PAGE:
When he was younger he wanted to become a vet, but today Joost Donkers feels right at home as Director Supply Chain Business Group Ingredients at FrieslandCampina – the role in which he was also voted Supply Chain Professional 2018. His motto: try to simplify things. “In that context, we’ve thought up ‘four times zero’: zero accidents, zero quality issues, zero missed orders and zero losses. It’s a nice slogan that’s easy for employees to remember.”
FrieslandCampina processes milk into milk proteins, whey proteins, fats and lactose. The Business Group Ingredients sells these products to the pharmaceutical industry and food manufacturers who use them to make things like specialized nutritional products and supplements for humans and animals. The raw materials are used to produce baby formula, including under the company’s own label: Friso. They are also found in consumer products such as coffee creamers, bakery products and dairy drinks. The sales offices, research departments and manufacturing facilities (in the Netherlands, Germany, the USA, Brazil, Egypt, New Zealand and Asia) are grouped together in clusters: single ingredients, baby food, encapsulated ingredients and a joint venture with DFE Pharma. The four manufacturing directors report directly to Joost Donkers. Besides them, his team comprises the director of sales and operations planning, distribution and outsourcing, and the performance excellence director. Donkers: “We’ve also grouped together other people who have similar knowledge and expertise, such as HR, finance, purchasing and quality assurance. They report to their own section head, but they also have a reporting line to me. That greatly improves information sharing. I’m not someone who manages at detail level, and I believe strongly in a model based on indirect reports.”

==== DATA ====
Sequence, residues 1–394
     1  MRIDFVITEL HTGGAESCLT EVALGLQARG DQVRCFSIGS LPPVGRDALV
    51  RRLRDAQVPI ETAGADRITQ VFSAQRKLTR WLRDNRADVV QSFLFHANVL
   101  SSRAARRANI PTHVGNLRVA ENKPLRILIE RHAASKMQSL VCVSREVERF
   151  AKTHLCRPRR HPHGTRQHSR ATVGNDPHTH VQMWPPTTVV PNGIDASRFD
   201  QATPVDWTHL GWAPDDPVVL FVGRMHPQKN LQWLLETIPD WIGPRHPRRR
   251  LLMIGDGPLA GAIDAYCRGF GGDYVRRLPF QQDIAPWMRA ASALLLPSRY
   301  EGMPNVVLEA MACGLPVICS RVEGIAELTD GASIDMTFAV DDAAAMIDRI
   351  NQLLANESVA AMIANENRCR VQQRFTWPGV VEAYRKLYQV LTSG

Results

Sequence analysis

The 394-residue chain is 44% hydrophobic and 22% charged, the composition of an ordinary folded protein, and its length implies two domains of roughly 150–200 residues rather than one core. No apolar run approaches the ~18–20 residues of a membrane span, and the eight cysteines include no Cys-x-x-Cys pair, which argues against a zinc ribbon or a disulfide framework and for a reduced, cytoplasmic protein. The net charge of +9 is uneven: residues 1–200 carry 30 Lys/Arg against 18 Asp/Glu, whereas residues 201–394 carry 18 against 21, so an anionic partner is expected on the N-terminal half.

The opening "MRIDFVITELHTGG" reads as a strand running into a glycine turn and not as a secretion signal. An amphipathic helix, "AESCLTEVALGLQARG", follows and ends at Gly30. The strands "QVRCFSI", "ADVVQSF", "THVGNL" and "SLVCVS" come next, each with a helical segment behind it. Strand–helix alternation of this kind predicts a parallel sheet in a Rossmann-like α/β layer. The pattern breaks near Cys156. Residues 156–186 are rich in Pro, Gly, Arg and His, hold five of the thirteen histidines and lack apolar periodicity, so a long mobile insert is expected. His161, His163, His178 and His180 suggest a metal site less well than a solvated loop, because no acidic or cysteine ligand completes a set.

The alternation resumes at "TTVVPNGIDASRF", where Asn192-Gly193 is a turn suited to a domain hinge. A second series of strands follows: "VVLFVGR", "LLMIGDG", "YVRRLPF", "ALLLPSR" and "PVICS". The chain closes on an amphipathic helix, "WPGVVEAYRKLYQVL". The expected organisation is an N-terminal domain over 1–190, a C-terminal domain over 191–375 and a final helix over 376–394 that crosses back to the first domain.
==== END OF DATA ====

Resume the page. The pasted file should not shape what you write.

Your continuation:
Each of the companies in your business group used to have its own supply chain. Why has that changed?
“We discovered that we weren’t the best-in-class. We closed that 10-to-15-year gap in the space of four years by bringing together people with the right passion and a shared goal. My award was recognition of that, so we’ve shared it among all the 120 man – agers in my supply chain. It was a challenge, because although our factories are spread around the world they are closely linked by the product flows. If something goes wrong in one factory, it affects a lot of others too. Our network is also pretty full, so we don’t have much room to divert production. Plus we’re in a growth market with annual investment of more than €150 million. It was a huge help that the then-boss was a strong advocate of business-group-oriented supply chains. The manufacturing directors initially found it hard to adapt to the new way of working, but they’ve now got used to managing a functional rather than hierarchical organization.”
How will you make the next leap?
“We’re on the cusp of making choices about groundbreaking technologies in an industry which has done things the same way for the past 60 to 100 years. Some of our powder machines are half a century old and still gas-powered, so it makes sense to invest now. Drying milk and whey is an energy-intensive and labour-intensive process. Our people have some impressive ideas about energy recovery and the use of electricity and geothermal energy instead of gas, which we’re developing with external partners. Our Borculo factory has switched to using biogas from the local waste treatment plant and pyrolysis oil. And we’re currently talking to a customer about supplying a product in liquid form in order to miss out the drying process completely. Alginate is recovered from our waste water for reuse. To be honest, I wish I could have made these investments earlier and in smaller doses, because there’s now a lot going on all at once. Our network is so full that we have to tackle one factory at a time, because they are out of the running for weeks and sometimes months. We provide all major pharmaceutical companies with medical nutrition for hospitals and products for premature babies. Lives are at risk, so failure to supply is not an option.”